Jessica has 1 son and 2 daughters.
Jessica has been married to Adam Hynes since 2002.
Jessica if 5' 6" and has grey/green eyes.
She auditioned for, and was accepted into the prestigious National Youth Theatre at the age of 15.
Best Actress for Tomorrow La Scala (2002) (Nomination).
Situation Comedy Award for Spaced (Ensemble) (2002) (Nomination).
For The Night Heron (2003) (Won).
Royal Television Society, UK
Best Actor - Female for Tomorrow La Scala (2003) (Nomination).
Jessica: It was important to have it reflect absolutely and intimately our world and experiences and our friends and ourselves. And to have that kind of authenticity it needed to be kind of grubby and sort of . . . real. Because that was our world.
Jessica: To be honest, when the second series of Spaced finished I was quite lost. Simon and Edgar were moving on and wanted to do a film and I think Edgar wanted to write it so that meant they didn't really want me to go along with that. They wanted to write a zombie film, which I would have been very happy to write, but I just think they had ideas about what they wanted to do next and they didn't involve me.
(on the difference between British and American comedy)
Jessica Hynes: I think it's aspiration versus inspiration. American culture and humour is aspirational in terms of who the people are - they're all very affluent. British humour doesn't rely on that, it's more inspirational.
(On her attitude to motherhood)
Jessica Hynes: There seems to be an epidemic of guilt among mothers. It's not about anything in particular but you just feel guilty. I've made a conscious decision to give all that up because it seemed to really cloud my experience of motherhood. I've given up on guilt like I gave up smoking. It's totally unhealthy, completely counter-productive, has no nutritional value whatsoever and I really don't enjoy it. Guilt is obstructive to love.
(On the disaster that was "According to Bex")
Jessica Hynes: I learned a lot from that. I'd much rather be poor doing things I want to do than have a bigger house and doing things I didn't.
(When asked what she could've been if she wasn't a comedian/writer)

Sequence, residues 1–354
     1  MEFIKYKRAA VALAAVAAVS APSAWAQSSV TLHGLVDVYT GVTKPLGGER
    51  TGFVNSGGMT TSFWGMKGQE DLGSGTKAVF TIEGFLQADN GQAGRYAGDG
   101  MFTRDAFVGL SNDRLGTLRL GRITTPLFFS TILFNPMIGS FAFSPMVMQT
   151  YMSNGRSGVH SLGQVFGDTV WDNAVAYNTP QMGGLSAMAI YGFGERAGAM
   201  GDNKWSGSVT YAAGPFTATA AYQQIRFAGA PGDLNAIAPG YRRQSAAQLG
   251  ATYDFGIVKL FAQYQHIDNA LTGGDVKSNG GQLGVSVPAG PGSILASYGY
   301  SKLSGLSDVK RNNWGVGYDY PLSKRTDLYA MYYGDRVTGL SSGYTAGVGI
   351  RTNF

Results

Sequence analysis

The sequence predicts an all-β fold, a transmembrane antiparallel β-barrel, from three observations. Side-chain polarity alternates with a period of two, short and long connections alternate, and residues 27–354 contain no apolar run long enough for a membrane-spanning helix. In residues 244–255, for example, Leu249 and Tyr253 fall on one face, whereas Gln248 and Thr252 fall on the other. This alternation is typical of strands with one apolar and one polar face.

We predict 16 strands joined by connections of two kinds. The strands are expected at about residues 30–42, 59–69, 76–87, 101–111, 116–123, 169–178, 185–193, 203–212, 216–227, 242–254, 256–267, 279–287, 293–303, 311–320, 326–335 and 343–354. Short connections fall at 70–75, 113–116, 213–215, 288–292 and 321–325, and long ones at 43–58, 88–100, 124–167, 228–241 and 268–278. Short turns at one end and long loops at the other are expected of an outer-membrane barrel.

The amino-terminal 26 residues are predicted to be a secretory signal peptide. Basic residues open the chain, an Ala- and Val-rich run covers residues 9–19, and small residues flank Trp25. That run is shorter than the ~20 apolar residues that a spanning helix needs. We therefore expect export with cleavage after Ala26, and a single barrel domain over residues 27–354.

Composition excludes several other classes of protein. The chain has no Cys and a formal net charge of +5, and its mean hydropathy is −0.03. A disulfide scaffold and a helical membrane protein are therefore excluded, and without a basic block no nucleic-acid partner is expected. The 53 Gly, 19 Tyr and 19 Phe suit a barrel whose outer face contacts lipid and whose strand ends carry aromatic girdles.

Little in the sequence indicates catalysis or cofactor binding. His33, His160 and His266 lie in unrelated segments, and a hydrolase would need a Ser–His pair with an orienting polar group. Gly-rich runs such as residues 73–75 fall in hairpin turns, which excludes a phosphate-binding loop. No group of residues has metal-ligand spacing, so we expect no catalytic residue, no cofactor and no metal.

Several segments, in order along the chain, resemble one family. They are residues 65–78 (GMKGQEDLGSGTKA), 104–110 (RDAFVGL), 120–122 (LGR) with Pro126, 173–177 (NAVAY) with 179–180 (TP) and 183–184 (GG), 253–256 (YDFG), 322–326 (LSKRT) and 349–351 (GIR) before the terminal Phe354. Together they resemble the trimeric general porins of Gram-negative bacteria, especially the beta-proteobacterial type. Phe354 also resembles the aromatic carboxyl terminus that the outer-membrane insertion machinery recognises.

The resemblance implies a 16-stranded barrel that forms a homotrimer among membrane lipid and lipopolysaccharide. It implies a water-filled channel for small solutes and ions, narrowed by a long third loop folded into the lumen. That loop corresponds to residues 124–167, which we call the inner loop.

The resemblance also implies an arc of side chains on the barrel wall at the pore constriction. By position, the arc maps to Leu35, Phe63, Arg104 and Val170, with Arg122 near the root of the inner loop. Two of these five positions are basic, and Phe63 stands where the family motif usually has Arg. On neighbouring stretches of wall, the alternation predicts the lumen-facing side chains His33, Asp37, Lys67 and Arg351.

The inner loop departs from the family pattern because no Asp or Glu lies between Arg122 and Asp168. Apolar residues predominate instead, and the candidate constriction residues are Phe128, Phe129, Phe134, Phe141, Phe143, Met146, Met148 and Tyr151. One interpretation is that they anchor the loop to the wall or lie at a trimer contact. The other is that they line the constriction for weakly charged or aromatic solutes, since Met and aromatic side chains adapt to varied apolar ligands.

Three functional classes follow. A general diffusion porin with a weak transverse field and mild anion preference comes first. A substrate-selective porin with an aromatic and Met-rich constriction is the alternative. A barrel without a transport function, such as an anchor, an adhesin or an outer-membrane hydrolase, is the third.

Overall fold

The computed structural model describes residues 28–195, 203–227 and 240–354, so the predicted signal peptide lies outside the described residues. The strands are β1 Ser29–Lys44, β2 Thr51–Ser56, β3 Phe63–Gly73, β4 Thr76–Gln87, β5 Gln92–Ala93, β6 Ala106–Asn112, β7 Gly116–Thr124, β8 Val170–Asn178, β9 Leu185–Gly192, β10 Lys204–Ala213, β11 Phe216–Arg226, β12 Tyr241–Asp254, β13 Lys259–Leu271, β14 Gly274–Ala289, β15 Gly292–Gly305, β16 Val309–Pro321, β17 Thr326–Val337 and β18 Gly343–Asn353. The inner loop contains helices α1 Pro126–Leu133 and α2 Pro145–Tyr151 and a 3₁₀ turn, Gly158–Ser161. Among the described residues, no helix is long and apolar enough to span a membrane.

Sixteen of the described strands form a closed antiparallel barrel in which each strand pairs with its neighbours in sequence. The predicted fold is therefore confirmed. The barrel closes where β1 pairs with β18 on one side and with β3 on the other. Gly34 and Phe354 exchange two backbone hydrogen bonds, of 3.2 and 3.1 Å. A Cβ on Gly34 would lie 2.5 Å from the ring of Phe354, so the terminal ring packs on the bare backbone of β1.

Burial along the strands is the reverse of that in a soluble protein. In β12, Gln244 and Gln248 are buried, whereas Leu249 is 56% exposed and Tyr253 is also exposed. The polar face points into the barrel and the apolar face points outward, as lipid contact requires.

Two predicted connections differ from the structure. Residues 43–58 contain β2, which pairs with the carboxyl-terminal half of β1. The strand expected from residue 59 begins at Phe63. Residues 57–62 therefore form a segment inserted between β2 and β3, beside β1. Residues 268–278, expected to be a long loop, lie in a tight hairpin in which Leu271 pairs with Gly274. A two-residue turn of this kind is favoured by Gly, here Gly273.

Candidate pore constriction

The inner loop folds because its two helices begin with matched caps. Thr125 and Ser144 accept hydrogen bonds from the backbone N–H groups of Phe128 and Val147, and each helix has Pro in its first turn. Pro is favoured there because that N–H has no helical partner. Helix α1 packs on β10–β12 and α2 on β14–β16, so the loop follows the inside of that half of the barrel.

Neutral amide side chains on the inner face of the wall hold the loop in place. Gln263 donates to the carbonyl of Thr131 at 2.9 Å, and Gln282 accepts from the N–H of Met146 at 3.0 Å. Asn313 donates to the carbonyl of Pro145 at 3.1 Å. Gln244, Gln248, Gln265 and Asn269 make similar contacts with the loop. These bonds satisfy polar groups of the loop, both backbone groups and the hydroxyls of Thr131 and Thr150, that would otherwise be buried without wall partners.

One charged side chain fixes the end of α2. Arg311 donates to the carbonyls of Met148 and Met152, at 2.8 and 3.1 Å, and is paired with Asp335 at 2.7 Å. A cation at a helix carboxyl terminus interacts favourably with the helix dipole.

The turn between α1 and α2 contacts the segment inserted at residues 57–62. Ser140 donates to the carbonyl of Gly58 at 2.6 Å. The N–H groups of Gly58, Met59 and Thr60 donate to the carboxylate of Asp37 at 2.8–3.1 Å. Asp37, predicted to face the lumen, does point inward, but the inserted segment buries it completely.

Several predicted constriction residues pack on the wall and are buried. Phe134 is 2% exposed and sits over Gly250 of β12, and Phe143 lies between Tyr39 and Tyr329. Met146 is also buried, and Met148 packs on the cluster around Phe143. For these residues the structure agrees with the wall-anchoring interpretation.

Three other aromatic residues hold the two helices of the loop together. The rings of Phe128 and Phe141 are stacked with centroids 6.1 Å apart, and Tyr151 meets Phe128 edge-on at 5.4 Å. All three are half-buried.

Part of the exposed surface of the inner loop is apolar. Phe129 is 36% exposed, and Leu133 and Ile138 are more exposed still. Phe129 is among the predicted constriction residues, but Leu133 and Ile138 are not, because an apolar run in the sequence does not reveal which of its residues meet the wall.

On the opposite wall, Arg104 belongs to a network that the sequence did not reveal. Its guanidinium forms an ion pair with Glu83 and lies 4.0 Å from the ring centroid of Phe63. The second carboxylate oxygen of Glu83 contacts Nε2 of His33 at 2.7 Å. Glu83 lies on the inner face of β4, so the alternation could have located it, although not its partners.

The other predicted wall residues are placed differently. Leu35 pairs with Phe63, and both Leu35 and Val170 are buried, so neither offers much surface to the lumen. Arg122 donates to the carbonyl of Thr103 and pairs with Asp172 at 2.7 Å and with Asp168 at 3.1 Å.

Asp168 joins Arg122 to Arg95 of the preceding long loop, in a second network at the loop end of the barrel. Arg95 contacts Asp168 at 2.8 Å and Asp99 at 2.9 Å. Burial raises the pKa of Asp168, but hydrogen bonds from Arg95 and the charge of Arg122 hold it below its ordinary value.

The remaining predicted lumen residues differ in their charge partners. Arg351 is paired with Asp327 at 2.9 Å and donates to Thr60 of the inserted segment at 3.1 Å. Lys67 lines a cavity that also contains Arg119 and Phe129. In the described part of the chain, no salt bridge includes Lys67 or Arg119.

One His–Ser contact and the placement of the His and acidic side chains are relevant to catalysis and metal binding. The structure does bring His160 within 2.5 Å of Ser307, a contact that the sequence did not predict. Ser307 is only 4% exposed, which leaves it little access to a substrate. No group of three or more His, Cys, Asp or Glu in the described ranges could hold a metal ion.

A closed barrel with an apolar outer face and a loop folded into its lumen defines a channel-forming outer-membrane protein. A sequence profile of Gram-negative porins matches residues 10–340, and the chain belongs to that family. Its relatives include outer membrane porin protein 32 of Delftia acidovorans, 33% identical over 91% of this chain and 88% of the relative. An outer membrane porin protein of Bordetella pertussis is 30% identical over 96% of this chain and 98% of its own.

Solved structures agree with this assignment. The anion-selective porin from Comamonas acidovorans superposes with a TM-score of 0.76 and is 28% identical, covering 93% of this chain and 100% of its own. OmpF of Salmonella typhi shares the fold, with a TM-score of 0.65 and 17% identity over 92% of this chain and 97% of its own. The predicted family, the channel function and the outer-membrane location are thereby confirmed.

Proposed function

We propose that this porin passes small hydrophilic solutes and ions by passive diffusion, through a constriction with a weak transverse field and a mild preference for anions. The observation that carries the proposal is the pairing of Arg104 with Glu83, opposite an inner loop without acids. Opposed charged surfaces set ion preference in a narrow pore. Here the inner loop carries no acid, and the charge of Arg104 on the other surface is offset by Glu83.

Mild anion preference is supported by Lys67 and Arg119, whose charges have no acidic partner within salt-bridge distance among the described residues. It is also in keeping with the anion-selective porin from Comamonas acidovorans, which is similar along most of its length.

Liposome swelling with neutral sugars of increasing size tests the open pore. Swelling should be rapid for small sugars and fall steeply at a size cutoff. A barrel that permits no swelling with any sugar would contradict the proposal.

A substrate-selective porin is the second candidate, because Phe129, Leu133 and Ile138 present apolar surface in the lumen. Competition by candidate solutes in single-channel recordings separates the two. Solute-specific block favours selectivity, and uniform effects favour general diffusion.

Jessica Hynes: Stripper or teacher. Teaching stripping would be ideal.
(on playing Cheryl in "The Royle Family)
Jessica Hynes: Somebody asked me about how I felt playing someone so unattractive. But I think you could have a real fire in your loins for Cheryl. In some ways I wish I was a bit more like Cheryl, there's no angst about her. It's one of loveliest things - I'm always thanking Caroline for letting me play the part and I'm working with such brilliant actors that I could quite happy just sit on the sofa in silence for a whole episode.
(on women now and as suffragettes)
Jessica Hynes: I wondered how women - so enthused, so galvanised, so passionate - could have organised one of the most successful political campaigns in British history. Compare that with now when they are obsessed with scented candles. Not to say that all women are like that but it's still depressing that politicised, sophisticated women are few and far between. It's a direct result of rabid consumerism.
(on being asked to appear in "Doctor Who", Series 3)
Jessica Hynes: As an actor, it's the phone call you always dream of getting - it's also one of the few times I can impress my son. He was so chuffed when I asked him if he wanted to come to the set.
(on why she switched to using her married name)
Jessica Hynes: It's just that I've been married a few years now and my children are Hynes… I feel like a Hynes.